Nick, I like “spaghetti throwing” term. It is a bit more graphic than “kitchen sink” approach (you throw everything you can think of and the kitchen sink and hope that something, anything, sticks).

And thanks for your advice. I haven’t been contacted by headhunters, but your advice is useful, as always. I wouldn’t ever have thought that some headhunters would do what is described in the letter, and now I’ll be wary and know what to ask.

By Lynda
June 12, 2012 at 5:37 pm

I agree Jan. Many recruiters who work for temp/staffing companies ” throw it up against the wall” to see what sticks. Many HR people encourage the practice by time /date/stamping resumes. I have spoken about this before. Poor recruiters( ones who get paid by the hour, get no bonus, no incentive, training) send resumes without ever speaking to a candidate and without their permission. They pull your resume off a resume sight and off they go! A legitimate recruiter comes along and interviews, checks reference, goes over the job in detail and they discuss the resume with the candidate. What does HR do? Sorry someone already sent that resume. But…but….they do not care!!! As for a resume in WORD…if you are dealing with a reputable recruiter there is no need to worry….sending in a PDF initially is a smart tactic. If a recruiter calls and says,” are you interested in the job” yadyayya for two minutes ” I will get back to you” . Sometimes they do not even leave a name( or one you can understand),talk a mile a minute, never tell you the company name and before you know it..click they are gone. You can bet they just slammed your resume. If they do not call you back…guess what ..they were not interested or you or some other recruiter presented it. You will probably never know. I find this practice and the blase attitudes of HR to be appalling. Be sure of who you are working with. Be direct out of the gate with one of these phone calls…”DO NOT send my resume until we talk further…..deal with ONLY ONE person…if you get “slammed” and find out…call the company and let them know. Temp/Staffing companies rarely get DIRECT HIRES…..and when they do they just get all a flutter and lose their minds!!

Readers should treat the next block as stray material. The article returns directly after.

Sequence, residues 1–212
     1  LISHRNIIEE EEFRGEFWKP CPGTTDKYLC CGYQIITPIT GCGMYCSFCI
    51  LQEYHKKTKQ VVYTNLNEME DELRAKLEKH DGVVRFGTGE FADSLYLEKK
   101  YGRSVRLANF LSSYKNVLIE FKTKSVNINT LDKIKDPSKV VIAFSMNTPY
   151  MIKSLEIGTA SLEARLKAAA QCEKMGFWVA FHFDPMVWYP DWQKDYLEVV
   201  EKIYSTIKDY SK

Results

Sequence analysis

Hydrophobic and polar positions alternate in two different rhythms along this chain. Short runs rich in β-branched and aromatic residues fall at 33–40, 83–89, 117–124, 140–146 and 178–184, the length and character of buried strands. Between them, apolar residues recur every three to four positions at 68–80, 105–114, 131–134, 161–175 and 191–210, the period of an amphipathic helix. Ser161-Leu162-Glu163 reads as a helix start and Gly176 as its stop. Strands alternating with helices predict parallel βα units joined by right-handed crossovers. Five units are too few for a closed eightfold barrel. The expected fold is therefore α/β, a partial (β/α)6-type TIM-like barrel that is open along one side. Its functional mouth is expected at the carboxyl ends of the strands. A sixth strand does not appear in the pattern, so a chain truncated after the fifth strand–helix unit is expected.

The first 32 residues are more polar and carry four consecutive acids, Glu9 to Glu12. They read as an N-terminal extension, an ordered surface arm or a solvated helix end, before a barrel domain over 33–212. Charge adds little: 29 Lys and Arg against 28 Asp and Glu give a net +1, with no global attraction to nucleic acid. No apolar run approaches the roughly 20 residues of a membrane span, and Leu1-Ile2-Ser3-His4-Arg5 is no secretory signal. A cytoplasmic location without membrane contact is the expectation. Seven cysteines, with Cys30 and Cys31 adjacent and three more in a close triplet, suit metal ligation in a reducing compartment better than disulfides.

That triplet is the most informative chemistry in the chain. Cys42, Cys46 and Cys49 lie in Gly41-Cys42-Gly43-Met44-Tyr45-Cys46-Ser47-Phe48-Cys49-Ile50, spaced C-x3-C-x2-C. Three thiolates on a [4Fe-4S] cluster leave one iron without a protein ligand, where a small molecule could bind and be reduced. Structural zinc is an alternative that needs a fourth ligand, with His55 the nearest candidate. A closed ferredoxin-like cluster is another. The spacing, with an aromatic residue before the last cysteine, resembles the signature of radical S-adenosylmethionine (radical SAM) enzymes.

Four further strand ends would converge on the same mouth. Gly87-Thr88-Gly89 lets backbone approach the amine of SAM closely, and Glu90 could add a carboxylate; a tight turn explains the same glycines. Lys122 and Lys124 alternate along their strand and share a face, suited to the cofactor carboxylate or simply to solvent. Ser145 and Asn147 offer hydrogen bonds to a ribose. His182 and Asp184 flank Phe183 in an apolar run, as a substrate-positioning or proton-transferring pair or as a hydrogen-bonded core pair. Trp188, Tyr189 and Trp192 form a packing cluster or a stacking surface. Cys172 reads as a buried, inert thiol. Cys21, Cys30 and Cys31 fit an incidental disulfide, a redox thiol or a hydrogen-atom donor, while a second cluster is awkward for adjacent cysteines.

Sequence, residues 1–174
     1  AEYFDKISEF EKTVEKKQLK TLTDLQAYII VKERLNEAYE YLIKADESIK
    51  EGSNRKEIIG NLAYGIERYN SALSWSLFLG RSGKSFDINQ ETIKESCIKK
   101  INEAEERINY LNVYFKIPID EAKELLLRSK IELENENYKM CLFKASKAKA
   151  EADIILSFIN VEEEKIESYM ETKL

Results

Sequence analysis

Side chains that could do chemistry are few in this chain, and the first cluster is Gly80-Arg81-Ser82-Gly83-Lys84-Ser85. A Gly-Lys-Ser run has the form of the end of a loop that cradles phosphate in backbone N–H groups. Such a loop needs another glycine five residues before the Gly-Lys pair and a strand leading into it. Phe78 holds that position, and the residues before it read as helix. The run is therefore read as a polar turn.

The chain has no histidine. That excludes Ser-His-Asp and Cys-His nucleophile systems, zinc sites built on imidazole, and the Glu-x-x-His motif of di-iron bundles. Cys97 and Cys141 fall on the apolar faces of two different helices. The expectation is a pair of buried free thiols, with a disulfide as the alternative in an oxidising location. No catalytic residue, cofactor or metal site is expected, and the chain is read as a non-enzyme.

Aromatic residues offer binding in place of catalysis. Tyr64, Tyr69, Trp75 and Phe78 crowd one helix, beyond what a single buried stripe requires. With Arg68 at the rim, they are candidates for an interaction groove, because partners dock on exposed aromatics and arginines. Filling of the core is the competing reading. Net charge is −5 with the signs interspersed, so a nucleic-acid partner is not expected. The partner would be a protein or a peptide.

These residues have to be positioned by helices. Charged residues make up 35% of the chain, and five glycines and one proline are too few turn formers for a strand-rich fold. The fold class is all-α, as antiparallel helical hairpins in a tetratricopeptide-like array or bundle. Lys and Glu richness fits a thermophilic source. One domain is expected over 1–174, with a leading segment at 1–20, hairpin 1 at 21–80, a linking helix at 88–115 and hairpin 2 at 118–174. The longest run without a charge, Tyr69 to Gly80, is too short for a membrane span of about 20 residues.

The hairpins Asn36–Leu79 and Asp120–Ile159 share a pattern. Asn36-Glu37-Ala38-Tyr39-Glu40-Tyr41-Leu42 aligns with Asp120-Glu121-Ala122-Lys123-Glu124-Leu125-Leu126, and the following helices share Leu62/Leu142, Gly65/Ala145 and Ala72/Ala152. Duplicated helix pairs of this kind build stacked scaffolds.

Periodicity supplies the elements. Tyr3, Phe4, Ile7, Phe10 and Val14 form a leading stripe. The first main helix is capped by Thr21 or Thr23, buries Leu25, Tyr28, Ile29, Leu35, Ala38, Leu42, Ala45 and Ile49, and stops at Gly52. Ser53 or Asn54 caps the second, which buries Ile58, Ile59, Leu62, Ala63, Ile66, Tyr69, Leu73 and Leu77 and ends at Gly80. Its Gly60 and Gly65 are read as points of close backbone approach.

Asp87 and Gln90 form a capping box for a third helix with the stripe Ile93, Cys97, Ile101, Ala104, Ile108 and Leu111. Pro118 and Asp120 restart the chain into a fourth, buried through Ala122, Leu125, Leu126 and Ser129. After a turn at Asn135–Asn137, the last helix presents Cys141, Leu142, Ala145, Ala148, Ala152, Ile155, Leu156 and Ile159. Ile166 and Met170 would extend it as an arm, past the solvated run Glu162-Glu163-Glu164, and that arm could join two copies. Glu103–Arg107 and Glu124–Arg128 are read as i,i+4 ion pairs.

By Ask The Headhunter® | Nick Corcodilos – What if there’s no time to prepare for the job interview?
June 18, 2012 at 9:22 pm

[…] if there’s no time to prepare for the job interview?Is Your Resume Spaghetti?Zuck’s Stupid Recruiting Start-up: Moo!Pop Quiz: Can an employer take back a job […]

By David Mercer
June 19, 2012 at 4:15 am

The 3 times I’ve gotten work through a headhunter/recruiter, they didn’t care what format they initially got my resume in. They didn’t write or revise a new one themselves, but did work with me on what to emphasize as I did a rewrite to send to the company that was hiring. They all took a pdf of the final version I wrote and a text file or Word version for HR’s stupid screening software to verify that the right keywords (that the headhunter had coached me on assuring were in it, the “must haves”) were in it. In at least two of these the HR screening software had to approve of my resume even if I was already in contact with the hiring manager – madness! (Yes, Very Big Company Madness).

They all went over company culture and background with me to make sure I’d have a shot being happy there, and none of them kept the company name secret. At one of the headhunters they went so far as to have me come down for an informal ‘meet and greet’ type interview with their own S. VP over all of their recruiters long before they found me a position to make sure we would be comfortable working together…quite the opposite of spaghetti against the wall. The two jobs I may have had a shot at then weren’t a good fit, and they went over them with me and had me decide to send my resume in or not. It was a no from me. A year later they DID find one I was a perfect fit for and we reworked my resume, and I got hired. All three times were against a talent pool of about 200 resumes that made it through to the hiring managers, from which about a dozen were interviewed.